Three-Peats in College Football History

By Phil Clark


John David Mercer-USA TODAY Sports

A three-peat in college football is tantamount to finding the holy grail. Well, technically that’s not true because nobody has ever found the holy grail, but a college football three-peat has happened before. The question now is whether it can happen again with the Alabama Crimson Tide winning the last two national championships and showing no signs of slowing down. Like a triple crown champion in horse racing, a college football three-peat is something that has been teased, but hasn’t happened in a long while.

Of course, the last triple crown winner in horse racing is far more recent than the last three-peat in college football. The last three-peat occurred in the late 1940s while the last triple crown winner came in the late-1970s.

The first three-peat in college football history came courtesy of the Minnesota Golden Gophers under coach Bernie Bierman during the 1930s. The Golden Gophers shared the title every year, but the third title is notable as it was the first season (1936) that the Associated Press (AP) voted for a national champion.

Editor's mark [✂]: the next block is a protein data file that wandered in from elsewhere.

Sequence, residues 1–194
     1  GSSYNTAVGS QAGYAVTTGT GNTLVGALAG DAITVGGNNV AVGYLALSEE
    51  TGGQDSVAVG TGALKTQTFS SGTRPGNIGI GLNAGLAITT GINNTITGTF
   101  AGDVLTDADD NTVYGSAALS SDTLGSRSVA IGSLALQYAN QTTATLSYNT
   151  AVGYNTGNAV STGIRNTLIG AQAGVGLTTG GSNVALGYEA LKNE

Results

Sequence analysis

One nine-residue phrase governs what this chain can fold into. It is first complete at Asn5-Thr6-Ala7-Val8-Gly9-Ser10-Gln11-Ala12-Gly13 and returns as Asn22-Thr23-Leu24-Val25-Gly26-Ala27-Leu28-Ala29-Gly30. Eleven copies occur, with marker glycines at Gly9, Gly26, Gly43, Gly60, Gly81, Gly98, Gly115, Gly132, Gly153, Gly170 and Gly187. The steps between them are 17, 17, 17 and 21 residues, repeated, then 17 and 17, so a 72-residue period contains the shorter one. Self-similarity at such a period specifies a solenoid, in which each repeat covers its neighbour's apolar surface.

The other three-peat came from the Army Cadets in the mid-1940s. Those were the days of “Mr. Inside” Doc Blanchard and “Mr Outside” Glenn Davis that saw the Cadets win the AP title and basically all other national title selectors in strong fashion in 1944 and 1945. Then came the famous scoreless tie with the Notre Dame Fighting Irish that cost the Cadets the AP title in ’46. The Cadets still ended up winning the national title in various other selectors and ended up splitting the title with the Fighting Irish, thus completing the three-peat.

The fact that both of college football’s three-peats came before 1950 should not only demonstrate how the game is changed, but also how difficult it is for a team to win three straight national championships. Sure, the way that a national champion is determined has gotten refined over the years since the last three-peat, but that doesn’t diminish how difficult it was even back then to win it all three years in a row. The fact that it should be impossible in today’s game only makes what the Crimson Tide are doing potentially that much better.

Phil Clark is a writer for Rant Sports. Follow him on Twitter or Facebook. Or check out his blog.

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